Years ago, the company I worked for started a quality “process”. One of the underlying themes was that quality wasn’t something we did or thought about once our regular work was done, but rather something that needed to be integrated into every process performed throughout the organization. It wasn’t an “add-on”, but instead a philosophy that was to permeate everything we did in order to produce quality products and services.

In like fashion, Christianity isn’t something that works if your only involvement is every Sunday for two hours. We are called to live our lives as Jesus did, every day, all day, involving everyone. Christianity isn’t a part time thing. It asks us to perform every action with purpose; good, Christian purpose. It should be who we are and what we do without question or hesitation or forethought. 

20 I have been crucified with Christ and I no longer live, but Christ lives in me. The life I now live in the body, I live by faith in the Son of God, who loved me and gave himself for me. Galatians 2:20

Riding Above the Storm

Be still, and know that I am God. Psalm 46:10

“Conditions are beginning to deteriorate.”

It’s a warning you often hear on the radio or television as a storm begins to roll in or a hurricane gets closer to landfall.

In those moments, when we find ourselves powerless to do anything to stop the storm or fix the condition–when we have absolutely no control–the psalmist suggests that we stop, take a deep breath, and turn our eyes toward God who is above everything. In the midst of chaos, “Be still.” Really.

When we have an eternal perspective–which our relationship with Christ assures us–He is forming the picture we will eventually see. It’s the big picture of our lives in the scheme of eternity, written during the storms we face now.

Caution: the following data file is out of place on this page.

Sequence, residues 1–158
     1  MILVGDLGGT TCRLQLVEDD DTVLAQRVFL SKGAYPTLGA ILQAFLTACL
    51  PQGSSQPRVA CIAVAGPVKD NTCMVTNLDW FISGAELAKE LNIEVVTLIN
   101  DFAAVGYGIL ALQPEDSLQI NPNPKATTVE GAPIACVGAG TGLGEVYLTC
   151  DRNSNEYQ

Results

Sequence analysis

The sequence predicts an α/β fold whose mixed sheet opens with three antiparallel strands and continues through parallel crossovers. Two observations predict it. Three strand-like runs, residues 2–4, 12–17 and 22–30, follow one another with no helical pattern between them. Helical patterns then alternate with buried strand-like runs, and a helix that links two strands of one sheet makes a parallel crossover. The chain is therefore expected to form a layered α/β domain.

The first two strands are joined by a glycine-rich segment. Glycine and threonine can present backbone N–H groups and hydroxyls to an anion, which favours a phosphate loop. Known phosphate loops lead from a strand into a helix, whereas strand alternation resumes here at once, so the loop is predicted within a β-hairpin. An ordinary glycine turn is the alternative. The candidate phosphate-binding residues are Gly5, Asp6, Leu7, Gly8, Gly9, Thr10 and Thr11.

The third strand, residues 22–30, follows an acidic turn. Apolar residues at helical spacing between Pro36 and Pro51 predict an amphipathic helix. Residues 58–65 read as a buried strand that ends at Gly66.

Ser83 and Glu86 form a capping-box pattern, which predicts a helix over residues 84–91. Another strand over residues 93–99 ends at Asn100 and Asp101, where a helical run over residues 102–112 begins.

We’ve all been in the eye of a storm, and I know many of you are there now. But conditions deteriorate, and then we’re blindsided. One moment our dad is eating lunch and the next he suffers a massive heart attack. One moment you’ve received a great review, the next you get a dismissal notice. another moment the phone rings and you hear the words, “There’s been an accident.” Someone you can’t live without isn’t going to make it.One moment all is calm and under control, and in a matter of minutes, everything breaks loose.

“Conditions are beginning to deteriorate.”

Yet through it all, God remains a safe place to hide, ready to help when we need Him. That’s the big picture. When conditions begin to deteriorate and everything seems to be spinning our of control, God offers the eternal, everlasting calm that quiets our hearts and buoys up our spirits.

He is always there, calm and in control, when we’re not and can’t be. And in the big picture of eternity, conditions are fine. Actually, conditions are glorious and heavenly.